Bond market neuroticism
Yields are up, and with it, so too are the number and volume of the alarm bells. Two alarms are particularly loud:
- A flattening of the curve
- An upward rise in yields across all maturities
For now, we feel that these warnings are early.
Let’s tackle curve flattening first. A flat or inverted curve (when short-maturity instruments offer a higher yield than longer-dated bonds) inhibits credit growth, stalling business activity and sending the economy into recession. Few indicators have shown greater explanatory power in predicting an impending recession than has an inverted curve, so the attention it receives is well justified. But, we take issue with the attention the flattening story is currently drawing.
To begin with, we don’t see it! The spread between the two-year note and the ten-year bond is the most oft-cited segment of the curve. At year end, they were roughly 50 (bps) basis points apart. Today? Roughly 50 bps. Our expectation is that this spread will remain narrow but positive for quite some time yet, much like the late ‘90s, during which, this gentle slope was maintained for several years.
U.S. Treasury yield curve steepness (5/26/16 – 5/24/18)
Source: Thomson Reuters Datastream, New York Life Investments, as of 5/24/18. Past performance is no guarantee of future results. It is not possible to invest directly in an index.
Second, it’s important to remember that even an inverted curve tends to precede an equity market correction and an economic recession by several quarters. The slope of the curve isn’t threatening a bear market anywhere on the visible horizon.
Yield curve slope returns
|One-year return on S&P|
|Between 0 and 50 bps||12.48%|
|Between 50 and 100 bps||16.81%|
|Between 100 and 200 bps||5.20%|
|More than 200 bps||10.82%|
Source: S&P 500 Total Return Index. Based on daily returns, as of 12/30/17. Past performance is no guarantee of future results. It is not possible to invest directly in an index.
And yet, several members of the Federal Open Market Committee (FOMC) are still fretting publicly about the potential for the curve to invert, cautioning against a too-aggressive rate hike campaign.
We see an alternative course of action as a possibility. Earlier in the cycle, the Fed engaged in “Operation Twist”, in which they sold short maturity holdings and purchased long bonds in a successful effort to drive yields lower at that end of the curve. Now that they are unwinding the quantitative easing, what’s to stop them from likewise reversing Operation Twist, selling long bonds to buy short maturity debt, putting upward pressure on the slope of the curve? Nothing.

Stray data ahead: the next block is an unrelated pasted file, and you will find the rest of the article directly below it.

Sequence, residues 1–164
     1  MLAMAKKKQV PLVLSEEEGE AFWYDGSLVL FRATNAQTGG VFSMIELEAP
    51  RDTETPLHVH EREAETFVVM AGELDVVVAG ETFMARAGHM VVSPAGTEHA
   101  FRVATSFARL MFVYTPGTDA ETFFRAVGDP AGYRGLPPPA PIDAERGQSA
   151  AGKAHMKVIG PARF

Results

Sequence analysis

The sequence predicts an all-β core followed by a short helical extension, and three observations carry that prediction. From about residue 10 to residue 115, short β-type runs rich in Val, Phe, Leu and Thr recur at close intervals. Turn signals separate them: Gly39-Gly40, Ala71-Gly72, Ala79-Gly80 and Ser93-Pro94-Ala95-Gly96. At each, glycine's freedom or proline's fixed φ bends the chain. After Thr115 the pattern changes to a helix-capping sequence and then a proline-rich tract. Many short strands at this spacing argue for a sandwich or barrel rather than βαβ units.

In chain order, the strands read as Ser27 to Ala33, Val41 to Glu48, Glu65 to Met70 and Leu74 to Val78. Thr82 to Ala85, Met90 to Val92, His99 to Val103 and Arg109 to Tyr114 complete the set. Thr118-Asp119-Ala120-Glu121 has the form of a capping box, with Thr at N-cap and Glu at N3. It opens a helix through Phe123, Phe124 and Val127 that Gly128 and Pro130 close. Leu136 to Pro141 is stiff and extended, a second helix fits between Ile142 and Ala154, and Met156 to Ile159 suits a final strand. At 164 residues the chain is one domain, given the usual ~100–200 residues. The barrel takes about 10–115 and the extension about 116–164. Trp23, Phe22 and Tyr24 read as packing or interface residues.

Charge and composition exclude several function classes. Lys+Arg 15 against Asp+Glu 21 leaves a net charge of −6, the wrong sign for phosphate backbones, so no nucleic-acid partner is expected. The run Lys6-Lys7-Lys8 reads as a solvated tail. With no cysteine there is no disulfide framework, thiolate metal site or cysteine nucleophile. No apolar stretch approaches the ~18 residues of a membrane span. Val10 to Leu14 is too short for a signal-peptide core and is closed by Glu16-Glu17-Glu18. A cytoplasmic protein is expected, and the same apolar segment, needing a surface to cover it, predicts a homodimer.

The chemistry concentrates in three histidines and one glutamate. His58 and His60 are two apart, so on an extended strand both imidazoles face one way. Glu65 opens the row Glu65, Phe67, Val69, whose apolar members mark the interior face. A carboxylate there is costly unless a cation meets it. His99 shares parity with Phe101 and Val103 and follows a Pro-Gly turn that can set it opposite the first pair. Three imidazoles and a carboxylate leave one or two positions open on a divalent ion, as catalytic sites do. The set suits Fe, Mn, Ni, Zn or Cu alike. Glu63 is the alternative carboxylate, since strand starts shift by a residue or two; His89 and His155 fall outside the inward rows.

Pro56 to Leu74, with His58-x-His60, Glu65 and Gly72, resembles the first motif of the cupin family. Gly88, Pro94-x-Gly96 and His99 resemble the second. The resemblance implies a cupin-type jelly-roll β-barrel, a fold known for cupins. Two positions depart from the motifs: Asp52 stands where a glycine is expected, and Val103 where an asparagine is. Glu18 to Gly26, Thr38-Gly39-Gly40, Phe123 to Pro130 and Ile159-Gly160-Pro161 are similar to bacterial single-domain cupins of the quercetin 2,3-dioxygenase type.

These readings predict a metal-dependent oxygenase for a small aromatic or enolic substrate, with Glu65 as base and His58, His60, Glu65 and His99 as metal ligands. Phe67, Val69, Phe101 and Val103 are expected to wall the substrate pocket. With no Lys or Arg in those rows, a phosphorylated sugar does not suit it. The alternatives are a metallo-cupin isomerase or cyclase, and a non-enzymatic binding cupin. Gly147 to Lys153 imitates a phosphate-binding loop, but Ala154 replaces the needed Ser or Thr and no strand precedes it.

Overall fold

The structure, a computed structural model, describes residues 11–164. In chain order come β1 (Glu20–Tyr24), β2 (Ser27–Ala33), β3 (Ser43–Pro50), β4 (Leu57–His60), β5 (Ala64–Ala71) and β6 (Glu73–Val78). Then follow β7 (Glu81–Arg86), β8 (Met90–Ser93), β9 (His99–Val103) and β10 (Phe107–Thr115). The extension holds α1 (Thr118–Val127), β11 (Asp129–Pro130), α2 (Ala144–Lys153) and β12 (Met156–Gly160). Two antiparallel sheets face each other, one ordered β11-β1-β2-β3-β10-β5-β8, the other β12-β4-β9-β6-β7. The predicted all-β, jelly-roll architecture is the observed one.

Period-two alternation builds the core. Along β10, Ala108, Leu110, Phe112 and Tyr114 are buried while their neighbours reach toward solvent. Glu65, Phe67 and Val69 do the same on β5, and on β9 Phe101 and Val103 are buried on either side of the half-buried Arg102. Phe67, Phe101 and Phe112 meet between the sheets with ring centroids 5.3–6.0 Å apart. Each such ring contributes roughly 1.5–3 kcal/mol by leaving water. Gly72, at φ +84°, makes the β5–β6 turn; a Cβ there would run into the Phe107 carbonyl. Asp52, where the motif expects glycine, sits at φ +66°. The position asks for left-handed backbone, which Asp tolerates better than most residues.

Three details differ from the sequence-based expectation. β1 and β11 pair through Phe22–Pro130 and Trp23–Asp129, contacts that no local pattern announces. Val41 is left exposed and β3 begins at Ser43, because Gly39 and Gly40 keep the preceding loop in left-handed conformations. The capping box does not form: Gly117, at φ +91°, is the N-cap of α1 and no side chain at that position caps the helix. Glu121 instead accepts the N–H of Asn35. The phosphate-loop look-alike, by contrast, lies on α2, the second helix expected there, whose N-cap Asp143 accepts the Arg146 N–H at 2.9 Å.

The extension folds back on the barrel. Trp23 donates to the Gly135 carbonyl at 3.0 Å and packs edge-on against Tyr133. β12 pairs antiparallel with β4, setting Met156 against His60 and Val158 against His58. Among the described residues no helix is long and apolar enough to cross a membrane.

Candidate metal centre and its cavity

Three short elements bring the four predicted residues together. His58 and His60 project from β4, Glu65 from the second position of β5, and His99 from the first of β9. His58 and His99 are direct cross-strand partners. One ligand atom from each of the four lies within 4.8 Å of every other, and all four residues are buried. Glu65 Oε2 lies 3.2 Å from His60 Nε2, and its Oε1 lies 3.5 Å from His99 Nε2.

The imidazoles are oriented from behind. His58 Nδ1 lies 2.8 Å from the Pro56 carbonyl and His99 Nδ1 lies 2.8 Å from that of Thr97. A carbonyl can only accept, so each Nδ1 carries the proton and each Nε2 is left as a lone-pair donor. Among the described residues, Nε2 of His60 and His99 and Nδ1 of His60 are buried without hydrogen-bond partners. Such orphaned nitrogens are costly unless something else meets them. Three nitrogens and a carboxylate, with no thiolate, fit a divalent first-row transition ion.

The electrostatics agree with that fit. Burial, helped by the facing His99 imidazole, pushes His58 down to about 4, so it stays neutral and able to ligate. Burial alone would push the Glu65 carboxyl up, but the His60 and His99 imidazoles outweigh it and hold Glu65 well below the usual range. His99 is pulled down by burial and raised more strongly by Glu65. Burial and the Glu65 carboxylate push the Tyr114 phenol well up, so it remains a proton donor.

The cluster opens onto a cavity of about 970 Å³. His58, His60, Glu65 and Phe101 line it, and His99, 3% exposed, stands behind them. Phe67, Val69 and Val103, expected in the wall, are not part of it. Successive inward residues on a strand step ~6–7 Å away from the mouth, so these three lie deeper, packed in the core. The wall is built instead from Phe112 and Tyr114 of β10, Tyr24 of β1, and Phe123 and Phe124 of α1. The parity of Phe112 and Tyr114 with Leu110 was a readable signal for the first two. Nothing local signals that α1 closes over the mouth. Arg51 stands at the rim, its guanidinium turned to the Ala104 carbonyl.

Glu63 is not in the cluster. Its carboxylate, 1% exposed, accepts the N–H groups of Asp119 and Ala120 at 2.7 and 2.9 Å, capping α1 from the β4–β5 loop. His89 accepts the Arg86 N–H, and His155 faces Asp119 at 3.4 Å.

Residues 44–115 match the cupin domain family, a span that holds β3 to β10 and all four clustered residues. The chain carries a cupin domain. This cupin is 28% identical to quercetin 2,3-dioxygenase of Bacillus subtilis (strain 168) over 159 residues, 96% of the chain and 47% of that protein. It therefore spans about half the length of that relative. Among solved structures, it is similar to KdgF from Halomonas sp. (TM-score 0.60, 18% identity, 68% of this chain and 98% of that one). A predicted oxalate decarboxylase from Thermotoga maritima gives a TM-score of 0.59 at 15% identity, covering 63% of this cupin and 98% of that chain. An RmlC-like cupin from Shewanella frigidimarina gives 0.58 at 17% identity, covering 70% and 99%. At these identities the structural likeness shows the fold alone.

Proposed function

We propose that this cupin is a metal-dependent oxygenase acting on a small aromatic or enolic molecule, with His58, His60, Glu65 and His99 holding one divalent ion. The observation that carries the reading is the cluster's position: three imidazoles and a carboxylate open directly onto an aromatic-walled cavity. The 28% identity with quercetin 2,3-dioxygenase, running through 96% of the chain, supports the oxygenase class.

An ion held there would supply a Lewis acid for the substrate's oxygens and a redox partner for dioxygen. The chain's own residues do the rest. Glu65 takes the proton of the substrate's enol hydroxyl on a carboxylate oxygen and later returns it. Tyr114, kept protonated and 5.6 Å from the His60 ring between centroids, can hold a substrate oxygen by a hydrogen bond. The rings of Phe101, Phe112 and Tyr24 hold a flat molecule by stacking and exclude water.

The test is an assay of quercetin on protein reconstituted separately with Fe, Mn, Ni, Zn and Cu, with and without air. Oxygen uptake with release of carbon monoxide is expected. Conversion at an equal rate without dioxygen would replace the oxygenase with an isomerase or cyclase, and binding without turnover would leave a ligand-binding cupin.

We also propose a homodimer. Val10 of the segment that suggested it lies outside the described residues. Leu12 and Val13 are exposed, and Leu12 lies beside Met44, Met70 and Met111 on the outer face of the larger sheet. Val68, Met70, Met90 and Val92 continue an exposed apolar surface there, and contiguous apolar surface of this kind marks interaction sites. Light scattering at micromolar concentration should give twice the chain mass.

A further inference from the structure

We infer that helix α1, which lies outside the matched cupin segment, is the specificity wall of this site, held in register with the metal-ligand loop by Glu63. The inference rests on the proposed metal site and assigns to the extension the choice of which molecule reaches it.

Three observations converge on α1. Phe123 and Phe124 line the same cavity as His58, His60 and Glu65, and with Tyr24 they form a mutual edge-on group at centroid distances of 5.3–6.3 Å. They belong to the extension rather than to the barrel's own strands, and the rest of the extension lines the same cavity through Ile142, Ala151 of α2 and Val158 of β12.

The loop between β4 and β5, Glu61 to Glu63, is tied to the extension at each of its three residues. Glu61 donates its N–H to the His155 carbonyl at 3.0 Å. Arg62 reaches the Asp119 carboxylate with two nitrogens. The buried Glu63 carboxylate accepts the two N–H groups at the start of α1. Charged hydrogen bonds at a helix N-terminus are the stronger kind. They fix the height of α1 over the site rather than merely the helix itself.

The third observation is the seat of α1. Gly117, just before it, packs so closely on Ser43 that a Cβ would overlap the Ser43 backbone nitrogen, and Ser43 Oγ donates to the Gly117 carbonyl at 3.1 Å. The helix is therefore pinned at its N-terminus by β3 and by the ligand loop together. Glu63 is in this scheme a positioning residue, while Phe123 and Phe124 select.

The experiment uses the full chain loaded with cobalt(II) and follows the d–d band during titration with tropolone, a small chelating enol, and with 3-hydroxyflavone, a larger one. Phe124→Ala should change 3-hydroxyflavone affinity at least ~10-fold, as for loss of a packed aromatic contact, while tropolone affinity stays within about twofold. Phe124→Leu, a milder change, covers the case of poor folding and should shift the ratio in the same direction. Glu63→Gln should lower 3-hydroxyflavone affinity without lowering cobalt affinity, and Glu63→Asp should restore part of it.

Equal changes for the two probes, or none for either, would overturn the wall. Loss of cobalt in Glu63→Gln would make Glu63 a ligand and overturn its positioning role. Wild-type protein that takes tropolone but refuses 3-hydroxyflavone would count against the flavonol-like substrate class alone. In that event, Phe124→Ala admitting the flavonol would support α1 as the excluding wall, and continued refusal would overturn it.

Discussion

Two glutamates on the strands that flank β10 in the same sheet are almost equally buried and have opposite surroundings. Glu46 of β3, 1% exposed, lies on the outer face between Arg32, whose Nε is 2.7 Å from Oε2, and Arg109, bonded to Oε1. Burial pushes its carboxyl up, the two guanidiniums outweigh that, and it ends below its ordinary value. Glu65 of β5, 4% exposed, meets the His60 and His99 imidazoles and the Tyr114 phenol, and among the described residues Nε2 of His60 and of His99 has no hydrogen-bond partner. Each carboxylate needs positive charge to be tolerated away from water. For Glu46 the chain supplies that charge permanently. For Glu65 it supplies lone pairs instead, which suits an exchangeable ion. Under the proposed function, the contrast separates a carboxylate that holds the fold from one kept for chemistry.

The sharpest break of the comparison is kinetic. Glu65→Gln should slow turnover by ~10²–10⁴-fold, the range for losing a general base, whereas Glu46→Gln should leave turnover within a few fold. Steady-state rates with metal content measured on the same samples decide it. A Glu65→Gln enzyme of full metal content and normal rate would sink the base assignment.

The yield on the ten-year Treasury Bond recently broke through 3.1%, achieving its highest level in seven years. The implications for equity investors are unclear:
- An argument can be made that more attractive yields will draw investment dollars away from stocks.
- There’s also the concern that higher debt costs will eat into profit margins and discourage credit growth.
At some level of yield, these fears are entirely rational, but we’re skeptical that today’s rates present much of a threat to equities.
Real rates remain quite low, neither discouraging corporate investment nor likely drawing significant risk capital away from equities. Our expectation is that bond yields will continue to rise gradually in response to rising inflation, heavy issuance resulting from the growing federal deficit, and falling demand as the Fed allows its balance sheet to unwind.
The hand-wringing among the financial press regarding shifts in the Treasury curve has been constant of late. Despite rising, yields are only moving back toward a normal state of equilibrium. We don’t, for now, view this as a viable threat to either accelerating economic growth or rising stock prices as we move into the second half of 2018.
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Treasury Securities are backed by the full faith and credit of the United States government as to payment of principal and interest if held to maturity.
The 10-year Treasury note is a debt obligation issued by the United States government with a maturity of 10 years upon initial issuance. A 10-year Treasury note pays interest at a fixed rate once every six months, and pays the face value to the holder at maturity
Basis points (bps) refer to a common unit of measure for interest rates and other percentages in finance. One basis point is equal to 1/100th of 1%, or 0.01% (0.0001), and is used to denote the percentage change in a financial instrument.
A credit spread is the difference in yield between two bonds of similar maturity, but different credit quality.
Quantitative easing is an unconventional monetary policy in which a central bank purchases government securities or other securities from the market in order to lower interest rates and increase the money supply.
The Standard & Poor’s 500 Index (S&P 500) is an index of 505 stocks issued by 500 large companies with market capitalizations of at least $6.1 billion and is seen as a leading indicator of U.S. equities and a reflection of the performance of the large-cap universe. The Standard & Poor’s 500 Index (S&P 500) is one example of a total return index. The total return indexes follow a similar pattern in which many mutual funds operate, where all resulting cash payouts are automatically reinvested back into the fund itself.
Short-term maturity instruments – An open-ended mutual fund that invests in short-term debt such as money market instruments (fixed income securities with a very short time to maturity and high credit quality).
A yield curve is a curve on a graph in which the yield of fixed-interest securities is plotted against the length of time they have to run to maturity.
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